Apple Pay Cybercrime Burns Banks

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Identity thieves are using Apple Pay to defraud banks of what could amount to millions of dollars.

Armed with iPhones, the fraudsters are entering stolen payment card information into Apple Pay. Due to weak authentication procedures at the institutions issuing the cards, they are able to use the stolen cards to make purchases through Apple Pay.

Ironically, much of the purchasing is being done at Apple Stores, thanks to the high resale value of Apple products.

Before cards can be added to Apple Pay, they must be provisioned — that is, approved — by the card issuer. Criminals are finding that process easy to game.

“At this point, every issuer in [Apple Pay] has seen significant ongoing provisioning fraud via customer account takeover,” wrote Cherian Abraham, a mobile-payments specialist, in a Drop Labs blog post.

“The levels of fraud has varied since launch,” he continued, “but 600bps is now seen as hardly an anomaly.”

The industry norm for credit card fraud is about 10bps — or 10 US cents per $100 in transactions, he explained. At $6 per $100, Apple Pay fraud is far above that norm.

Naked Emperor

“Apple Pay is designed to be extremely secure and protect a user’s personal information,” the company said in a statement provided to the E-Commerce Times by Apple spokesperson Lisa Newell.

“During setup, Apple Pay requires banks to verify each and every card and the bank then determines and approves whether a card can be added to Apple Pay. Banks are always reviewing and improving their approval process, which varies by bank,” Apple explained.

Blaming banks for the security gap in Apple Pay would be a mistake, said Drop Labs’ Abraham.

Apple did not give the banks enough time to set up strong “yellow path” authentication procedures before they joined the program, he maintained.

“It is unconscionable that Apple did not, and was not strongly advised by its partners to make the Yellow Path implementation (by an issuer) mandatory sooner than it did, which was four weeks before [Apple Pay’s] launch,” Abraham wrote. “By then, it was too late for any issuer who had been focused elsewhere to put up any effort of merit.”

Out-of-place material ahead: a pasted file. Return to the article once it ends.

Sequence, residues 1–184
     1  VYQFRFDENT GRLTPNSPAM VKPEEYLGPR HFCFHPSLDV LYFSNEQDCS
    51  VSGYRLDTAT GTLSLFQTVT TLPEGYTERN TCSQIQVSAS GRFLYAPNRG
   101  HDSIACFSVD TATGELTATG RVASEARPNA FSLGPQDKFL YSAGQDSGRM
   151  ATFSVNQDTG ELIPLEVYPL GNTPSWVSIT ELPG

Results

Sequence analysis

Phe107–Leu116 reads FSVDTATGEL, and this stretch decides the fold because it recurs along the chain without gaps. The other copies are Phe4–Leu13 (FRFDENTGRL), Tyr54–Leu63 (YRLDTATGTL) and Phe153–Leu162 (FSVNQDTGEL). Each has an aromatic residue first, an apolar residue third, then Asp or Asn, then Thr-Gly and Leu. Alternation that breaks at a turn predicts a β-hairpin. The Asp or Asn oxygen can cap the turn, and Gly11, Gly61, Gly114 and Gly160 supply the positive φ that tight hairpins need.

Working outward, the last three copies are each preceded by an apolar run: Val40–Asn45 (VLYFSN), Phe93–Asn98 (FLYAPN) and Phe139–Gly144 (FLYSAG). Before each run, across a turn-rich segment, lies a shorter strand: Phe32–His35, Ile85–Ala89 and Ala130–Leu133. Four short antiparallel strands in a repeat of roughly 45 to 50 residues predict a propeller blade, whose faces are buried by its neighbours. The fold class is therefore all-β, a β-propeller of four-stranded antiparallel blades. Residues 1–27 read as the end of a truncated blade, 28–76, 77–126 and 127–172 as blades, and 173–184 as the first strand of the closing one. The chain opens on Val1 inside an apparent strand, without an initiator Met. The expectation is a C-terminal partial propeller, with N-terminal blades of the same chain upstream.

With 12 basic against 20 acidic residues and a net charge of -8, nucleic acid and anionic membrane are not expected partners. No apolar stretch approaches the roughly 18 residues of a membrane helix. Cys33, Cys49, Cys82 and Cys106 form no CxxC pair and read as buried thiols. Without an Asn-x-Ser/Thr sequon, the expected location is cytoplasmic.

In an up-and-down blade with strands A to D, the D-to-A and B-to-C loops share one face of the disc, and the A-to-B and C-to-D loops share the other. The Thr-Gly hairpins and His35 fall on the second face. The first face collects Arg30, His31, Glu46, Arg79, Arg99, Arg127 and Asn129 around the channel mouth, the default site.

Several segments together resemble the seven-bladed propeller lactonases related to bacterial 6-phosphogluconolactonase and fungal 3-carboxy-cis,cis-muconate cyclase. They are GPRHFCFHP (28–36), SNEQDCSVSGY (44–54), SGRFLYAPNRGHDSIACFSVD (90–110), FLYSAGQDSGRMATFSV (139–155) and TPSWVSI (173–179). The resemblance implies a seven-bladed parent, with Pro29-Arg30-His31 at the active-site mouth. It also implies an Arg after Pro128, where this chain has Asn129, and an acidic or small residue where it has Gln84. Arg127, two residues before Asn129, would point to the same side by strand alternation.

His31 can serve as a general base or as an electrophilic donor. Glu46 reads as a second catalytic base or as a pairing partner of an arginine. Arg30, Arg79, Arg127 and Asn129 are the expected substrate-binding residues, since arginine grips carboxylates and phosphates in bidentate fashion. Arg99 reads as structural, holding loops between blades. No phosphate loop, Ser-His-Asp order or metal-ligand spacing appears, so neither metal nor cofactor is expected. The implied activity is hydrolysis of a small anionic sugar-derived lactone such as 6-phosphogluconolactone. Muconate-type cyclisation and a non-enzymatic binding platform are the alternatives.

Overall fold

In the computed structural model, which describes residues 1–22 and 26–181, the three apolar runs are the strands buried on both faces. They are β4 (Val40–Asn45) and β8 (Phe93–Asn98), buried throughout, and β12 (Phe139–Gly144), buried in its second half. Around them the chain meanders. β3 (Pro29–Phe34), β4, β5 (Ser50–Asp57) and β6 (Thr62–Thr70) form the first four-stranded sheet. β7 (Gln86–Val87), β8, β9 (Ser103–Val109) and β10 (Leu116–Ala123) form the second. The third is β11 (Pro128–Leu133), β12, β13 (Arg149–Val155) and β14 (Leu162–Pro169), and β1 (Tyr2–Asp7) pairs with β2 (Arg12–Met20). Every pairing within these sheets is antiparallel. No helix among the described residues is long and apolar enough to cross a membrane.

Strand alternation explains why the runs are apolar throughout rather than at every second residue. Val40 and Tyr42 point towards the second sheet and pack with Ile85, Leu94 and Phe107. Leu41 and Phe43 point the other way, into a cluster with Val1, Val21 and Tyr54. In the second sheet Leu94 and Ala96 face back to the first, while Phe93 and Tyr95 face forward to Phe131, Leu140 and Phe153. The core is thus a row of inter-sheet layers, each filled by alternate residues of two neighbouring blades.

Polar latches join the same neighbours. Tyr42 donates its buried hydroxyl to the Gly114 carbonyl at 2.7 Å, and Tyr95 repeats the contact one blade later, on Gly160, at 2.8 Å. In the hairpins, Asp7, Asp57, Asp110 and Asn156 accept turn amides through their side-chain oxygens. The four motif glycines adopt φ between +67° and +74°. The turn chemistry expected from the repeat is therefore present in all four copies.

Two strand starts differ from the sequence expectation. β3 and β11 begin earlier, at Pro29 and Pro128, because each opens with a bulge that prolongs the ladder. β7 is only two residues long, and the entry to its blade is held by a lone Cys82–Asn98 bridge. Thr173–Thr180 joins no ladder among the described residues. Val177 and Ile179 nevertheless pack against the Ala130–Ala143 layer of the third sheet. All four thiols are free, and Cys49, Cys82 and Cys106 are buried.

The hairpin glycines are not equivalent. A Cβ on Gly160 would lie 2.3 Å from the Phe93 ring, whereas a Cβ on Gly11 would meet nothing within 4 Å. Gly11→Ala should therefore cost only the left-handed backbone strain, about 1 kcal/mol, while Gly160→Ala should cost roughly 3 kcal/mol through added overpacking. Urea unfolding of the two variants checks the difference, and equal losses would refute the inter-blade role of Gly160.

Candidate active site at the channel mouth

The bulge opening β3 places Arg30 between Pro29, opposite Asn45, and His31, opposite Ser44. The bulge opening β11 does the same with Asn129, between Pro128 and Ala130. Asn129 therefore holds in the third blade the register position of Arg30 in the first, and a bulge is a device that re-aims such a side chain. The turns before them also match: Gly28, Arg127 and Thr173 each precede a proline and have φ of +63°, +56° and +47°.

As a result of the weak authentication procedures in place at the launch of Apple Pay, he continued, “fraud in the Yellow Path is growing like a weed, and the bank is unable to tell friend from foe. No one is bold enough to call the emperor naked.”

Achilles’ Heel

Authentication as a chink in Apple Pay’s armor has been a concern since the platform was introduced.

“Apple seems to have focused on security payment mechanisms such as tokenization and fingerprints, but payment can only be as secure as authentication, which starts with registering cards to an account,”EasySolutions CTO Daniel Ingevaldson told the E-Commerce Times upon Apple Pay’s launch.

Partnerships like those needed to make Apple Pay work are bound to have an Achilles’ heel, observed David Robertson, publisher of The Nilson Report.

“In this case, the entities dropping the ball are the card issuers themselves,” he told the E-Commerce Times.

“The Apple Pay system works seamlessly in terms of the consumer interface. It’s the unseen part — communication between the consumer and the card issuer — where the problem is falling,” Robertson observed.

“The credit card issuers are the weak link,” he said. “There’s always going to be a gap between stolen data and when the issuer is aware of that stolen data. If I don’t report that my credit card has been stolen for 72 hours, that’s a 72-hour window it can be used by a thief.”

Just a Hiccup

Rather than showing the risks in Apple Pay, the security gap created by weak authentication exposes the flaws in the existing payment card system, maintained David Bozin, vice president of growth development at Bindo.

“A huge thing is being made about this because it’s Apple Pay, but the fraud is predicated on the existing payment infrastructure, which has many opportunities for fraud,” he told the E-Commerce Times.

Apple Pay’s physical security isn’t compromised by weak authentication, Bozin pointed out. “This isn’t someone hacking into my Apple Pay account. It’s someone taking my credit card and using it in their own Apple Pay account.”

With the launch of any new payment technology like NFC — the wireless technology enabling Apple Pay — flaws will appear.

“These are the hiccups of NFC starting to take off,” Bozin said, “and the learning costs of Apple Pay and NFC payments.”

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